Jewish World Review July 14, 2004 / 25 Tamuz, 5764
Peter A. Brown
PSST, pass it on, Kerry & Crew no longer think Iraq war was a mistake. Really!
http://www.jewishworldreview.com | Let me get this straight.
First, John Kerry voted for the Iraq war but since has spent his presidential campaign criticizing George W. Bush's handling of it.
Now, Kerry is orchestrating the writing of a Democratic platform - the document that enunciates the official party line - that doesn't even call the invasion a mistake.
It would even put the Democrats in full support of Iraq becoming a symbol of U.S. anti-terorrism efforts.
Kerry & Crew have likened Bush's doctrine of pre-emptive defense against terrorists as a warlike mentality unfit for a nation with peaceful motivations. However, the document that his minions are drafting reportedly would not rule out such action in a Democratic administration, if their president thought it would be necessary.
Well, if the Democrats don't think Iraq was a mistake and want the option of making pre-emptive strikes themselves, what are their big complaints with this president? Clearly, Bush doesn't think attacking Iraq was a mistake, and he took pre-emptive action only as a last resort.
So are Democrats just nit-picking Bush's foreign policy? Do they hope that voters won't realize that, despite all their sound and fury, they don't really have any seriously different, new or better answers about how to fight terrorism?
Even for a presidential candidate who disputes that he changes positions as often as his underwear, Kerry is showing incredible chutzpah. It underscores just how scared he must be of being seen as unwilling to use U.S. military power when necessary, despite his efforts to make sure every voter is aware of his record of serving in Vietnam.
In effect, Kerry is saying he is more worried about being considered just another Massachusetts liberal - a description many, many millions of Americans see as implying an aversion to the military - than he is that voters will think he can't make up his mind.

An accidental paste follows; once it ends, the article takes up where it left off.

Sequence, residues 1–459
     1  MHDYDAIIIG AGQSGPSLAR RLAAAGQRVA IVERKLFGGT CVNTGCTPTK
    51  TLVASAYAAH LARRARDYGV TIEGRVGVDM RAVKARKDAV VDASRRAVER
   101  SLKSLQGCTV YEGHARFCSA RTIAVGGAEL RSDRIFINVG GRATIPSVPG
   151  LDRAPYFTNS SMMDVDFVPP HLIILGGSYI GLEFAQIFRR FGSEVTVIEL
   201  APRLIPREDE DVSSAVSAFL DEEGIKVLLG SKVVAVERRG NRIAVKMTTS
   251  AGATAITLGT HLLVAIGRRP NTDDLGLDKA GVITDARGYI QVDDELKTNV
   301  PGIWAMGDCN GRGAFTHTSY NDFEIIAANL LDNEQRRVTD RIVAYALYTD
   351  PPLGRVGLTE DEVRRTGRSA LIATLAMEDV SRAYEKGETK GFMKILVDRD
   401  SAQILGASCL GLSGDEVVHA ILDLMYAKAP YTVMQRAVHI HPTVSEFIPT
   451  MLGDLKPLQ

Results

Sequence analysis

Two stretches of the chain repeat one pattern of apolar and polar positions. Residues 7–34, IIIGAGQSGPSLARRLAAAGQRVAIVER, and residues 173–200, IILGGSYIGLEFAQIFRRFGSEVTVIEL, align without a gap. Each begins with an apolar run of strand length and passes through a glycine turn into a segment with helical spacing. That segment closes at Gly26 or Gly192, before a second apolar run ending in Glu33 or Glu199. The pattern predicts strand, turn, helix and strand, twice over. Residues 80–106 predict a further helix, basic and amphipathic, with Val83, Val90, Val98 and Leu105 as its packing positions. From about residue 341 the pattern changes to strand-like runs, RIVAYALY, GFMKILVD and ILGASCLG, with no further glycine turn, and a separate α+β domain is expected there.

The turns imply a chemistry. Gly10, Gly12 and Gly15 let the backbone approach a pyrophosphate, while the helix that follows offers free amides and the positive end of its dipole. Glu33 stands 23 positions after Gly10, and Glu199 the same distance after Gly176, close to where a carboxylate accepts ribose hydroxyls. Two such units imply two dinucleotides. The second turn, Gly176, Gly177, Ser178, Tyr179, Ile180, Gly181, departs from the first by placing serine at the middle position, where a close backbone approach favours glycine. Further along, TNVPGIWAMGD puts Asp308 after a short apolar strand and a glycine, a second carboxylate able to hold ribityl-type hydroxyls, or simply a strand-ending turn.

Apparently, he would rather remind voters of Jimmy Carter's shortcomings than Michael Dukakis'.
But then, given the extent of the anti-Bush sentiment among core lefty voters - and the Democrats' concerted effort to keep Ralph Nader off as many ballots as possible - Kerry's strategy might be smart.
Kerry figures the large number of anti-war types - a majority of self-identified Democrats tell pollsters they want U.S. troops home soon regardless of the situation in Iraq - will vote for him because they have no place to go. And besides, no one pays attention to party platforms anyway.
He may be right, although one wonders how members of the Michael Moore/Howard Dean wing of the Democratic Party, who decry Bush for attacking Iraq and supposedly stripping away civil liberties through the Patriot Act, can look at themselves in the mirror if they vote for Kerry.
After all, Kerry backed giving Bush the power to go to war and the Patriot Act in the days when he was in the Senate to vote and viewed his post as more than a part-time job that looks good on his presidential resume.
But it is a remarkable demonstration of cynicism by Kerry, and of political expediency by those Democrats, who apparently believe that enough Americans can be made to believe that their party actually stands for something other than wanting to win the White House.
So the Democratic platform, whose wording is being dictated by Kerry's hand-picked authors, not only doesn't dispute the wisdom of the Iraq war but also says nothing about the need to bring home American troops quickly.
The document decries the notion of pre-emptive strikes and states that they should be used only as a last resort. And just how would that differ from the Bush administration policy?
Actually, there is one rather large foreign-policy difference between the Kerry-draft platform and Bush's foreign policy. The Democrats, although hedging their bets too, want greater cooperation with other nations in formulating policy.
It is clearly true that Bush has less faith than do the Democrats in the wisdom of international organizations such as the United Nations in deciding when, where and how the United States should defend itself.
But, as for the other big questions regarding U.S. foreign policy, it is hard to see, beyond nuances, how a Kerry administration would do things any differently than the current group calling the shots.
Of course, that's if you believe that Kerry and the Democrats would do what they say - or whether they are trying to placate enough voters skeptical of their national-security bona fides to get elected.
06/29/04: Hostile media, prickly president a troubling mix